Calif DWR Cut Off From Using State Funds To Buy Power : LUSENET : Grassroots Information Coordination Center (GICC) : One Thread

Calif DWR Cut Off From Using State Funds To Buy Power Updated: Monday, March 19, 2001 08:16 AM ET (This article was originally published Friday)

LOS ANGELES (Dow Jones)--The California Department of Water Resources will no longer be allowed to dip into the state's General Fund to borrow money to buy electricity for the state, the chair of the state's budget committee said Friday.

The budget committee will deny further requests for state funds to buy electricity unless state regulators immediately carve out a revenue stream to allow the Department of Water Resources to recover the money, according to a letter state Sen. Steve Peace sent to state Department of Finance Director Tim Gage.

In a copy of the letter, obtained by Dow Jones Newswires, Peace, D-El Cajon, said that he is "concerned about the prospect of continuing to approve deficiency requests for electricity the absence of any discernible progress by the California Public Utilities Commission to provide for the recovery of these funds."

A PUC Administrative Law Judge was expected to release guidelines Friday on the size of rate revenues that the DWR must collect from the state's three investor-owned utilities.

The guidelines were not released as of late Friday, and a spokeswoman for PUC President Loretta Lynch said she did not know the reason behind the delay.

PUC Commissioner Richard Bilas said the commission is expected to discuss at its March 27 meeting exactly how much money the DWR will receive from PG&E Corp. (PCG, news, msgs) unit Pacific Gas & Electric, Edison International (EIX, news, msgs) unit Southern California Edison and Sempra Energy (SRE, news, msgs) unit San Diego Gas & Electric.

Last Friday, the DWR secured another $500 million from the state's General Fund to buy power. The state has authorized $3.7 billion to purchase wholesale electricity and has already burned through more than $3 billion, spending upwards of $50 million a day on electricity in the volatile spot market.

AB1X, the legislation that authorized the DWR to purchase the state's bulk power needs on behalf of the cash-strapped utilities, was signed into law two months ago.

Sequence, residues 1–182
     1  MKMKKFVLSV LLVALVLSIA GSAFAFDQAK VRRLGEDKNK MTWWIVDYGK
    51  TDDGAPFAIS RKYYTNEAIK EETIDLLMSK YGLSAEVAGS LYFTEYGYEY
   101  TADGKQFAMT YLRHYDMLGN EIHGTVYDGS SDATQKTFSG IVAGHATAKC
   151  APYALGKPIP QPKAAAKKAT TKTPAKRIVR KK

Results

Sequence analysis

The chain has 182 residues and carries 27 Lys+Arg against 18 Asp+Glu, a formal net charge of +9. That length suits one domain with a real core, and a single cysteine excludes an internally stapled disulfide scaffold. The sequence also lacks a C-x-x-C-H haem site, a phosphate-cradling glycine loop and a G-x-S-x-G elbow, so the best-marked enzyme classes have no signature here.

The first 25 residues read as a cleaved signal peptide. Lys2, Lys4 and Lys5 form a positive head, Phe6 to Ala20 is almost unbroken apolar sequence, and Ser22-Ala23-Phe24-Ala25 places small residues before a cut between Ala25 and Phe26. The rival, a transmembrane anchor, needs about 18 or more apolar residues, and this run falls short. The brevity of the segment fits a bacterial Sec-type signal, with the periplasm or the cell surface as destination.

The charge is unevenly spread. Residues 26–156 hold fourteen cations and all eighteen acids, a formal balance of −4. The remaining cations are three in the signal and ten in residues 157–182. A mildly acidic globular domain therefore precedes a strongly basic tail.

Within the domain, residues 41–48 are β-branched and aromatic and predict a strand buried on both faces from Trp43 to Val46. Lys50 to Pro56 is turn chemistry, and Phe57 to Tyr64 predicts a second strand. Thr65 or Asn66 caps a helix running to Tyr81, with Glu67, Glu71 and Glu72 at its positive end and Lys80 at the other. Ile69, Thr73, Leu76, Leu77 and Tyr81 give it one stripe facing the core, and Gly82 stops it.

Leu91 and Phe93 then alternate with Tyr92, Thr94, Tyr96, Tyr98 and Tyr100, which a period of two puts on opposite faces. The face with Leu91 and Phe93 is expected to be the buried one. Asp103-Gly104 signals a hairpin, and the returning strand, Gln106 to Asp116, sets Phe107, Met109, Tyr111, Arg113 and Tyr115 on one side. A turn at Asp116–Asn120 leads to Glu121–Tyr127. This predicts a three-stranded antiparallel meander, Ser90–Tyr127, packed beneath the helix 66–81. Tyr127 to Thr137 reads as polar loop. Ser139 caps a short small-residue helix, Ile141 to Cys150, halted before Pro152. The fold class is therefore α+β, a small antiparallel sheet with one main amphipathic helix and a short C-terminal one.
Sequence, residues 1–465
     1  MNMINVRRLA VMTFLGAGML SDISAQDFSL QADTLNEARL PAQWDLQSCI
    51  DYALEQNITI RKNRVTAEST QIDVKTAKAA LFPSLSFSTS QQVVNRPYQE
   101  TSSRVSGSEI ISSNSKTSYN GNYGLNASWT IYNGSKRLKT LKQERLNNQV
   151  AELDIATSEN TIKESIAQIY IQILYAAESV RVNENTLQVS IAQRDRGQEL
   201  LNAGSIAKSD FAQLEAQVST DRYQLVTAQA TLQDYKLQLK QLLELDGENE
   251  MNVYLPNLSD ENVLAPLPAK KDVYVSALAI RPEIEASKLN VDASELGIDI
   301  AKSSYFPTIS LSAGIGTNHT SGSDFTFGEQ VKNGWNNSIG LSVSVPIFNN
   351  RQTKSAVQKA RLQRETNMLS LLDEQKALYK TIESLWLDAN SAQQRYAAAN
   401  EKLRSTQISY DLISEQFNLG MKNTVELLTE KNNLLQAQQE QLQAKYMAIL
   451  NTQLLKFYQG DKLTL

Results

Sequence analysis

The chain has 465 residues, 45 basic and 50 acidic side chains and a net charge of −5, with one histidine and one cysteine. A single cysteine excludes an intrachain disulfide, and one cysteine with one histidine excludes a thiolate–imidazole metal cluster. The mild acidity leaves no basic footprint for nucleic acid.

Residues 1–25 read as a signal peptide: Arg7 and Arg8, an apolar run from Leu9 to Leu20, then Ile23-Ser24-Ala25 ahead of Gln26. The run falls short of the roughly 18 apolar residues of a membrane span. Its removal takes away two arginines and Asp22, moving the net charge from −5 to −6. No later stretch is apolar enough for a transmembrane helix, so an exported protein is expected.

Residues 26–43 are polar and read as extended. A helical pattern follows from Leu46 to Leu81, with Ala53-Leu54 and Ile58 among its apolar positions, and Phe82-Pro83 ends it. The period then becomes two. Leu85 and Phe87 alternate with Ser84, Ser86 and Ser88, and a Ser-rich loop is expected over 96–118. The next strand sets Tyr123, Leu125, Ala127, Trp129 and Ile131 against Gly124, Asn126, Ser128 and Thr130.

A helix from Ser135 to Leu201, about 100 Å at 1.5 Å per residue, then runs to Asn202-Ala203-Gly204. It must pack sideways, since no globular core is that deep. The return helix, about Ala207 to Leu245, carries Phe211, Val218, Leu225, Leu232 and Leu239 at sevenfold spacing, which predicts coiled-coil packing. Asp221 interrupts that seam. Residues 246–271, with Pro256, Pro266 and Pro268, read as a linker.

A provision in the bill also authorized the state to issue $10 billion in revenue bonds to finance the long-term power supply contracts the DWR has entered into with generators. But first, the PUC must carve out a a revenue stream for the DWR before the bonds can be issued.

State Treasurer Phil Angelides said that the $10 billion will finance wholesale power purchases through September if the average price for power paid since January, when the DWR first began buying electricity in the spot market, is $250 a megawatt-hour.

However, California has paid well above $300/MWh average in January and about $228/MWh at the end of February, Gov. Gray Davis said recently.

The PUC approved a measure last week that allows the DWR to recover all of the money it spends on power, even if it means raising electricity rates.

Peace, one of the lawmakers who helped push through the state's deregulation law, said in the letter that he will meet with the Joint Legislative Budget Committee on a daily basis "for the purpose of denying any such future deficiency requests unless immediate actions are taken to resolve this situation."

-By Jason Leopold, Dow Jones Newswires; 323-658-3874;

-- Martin Thompson (, March 19, 2001

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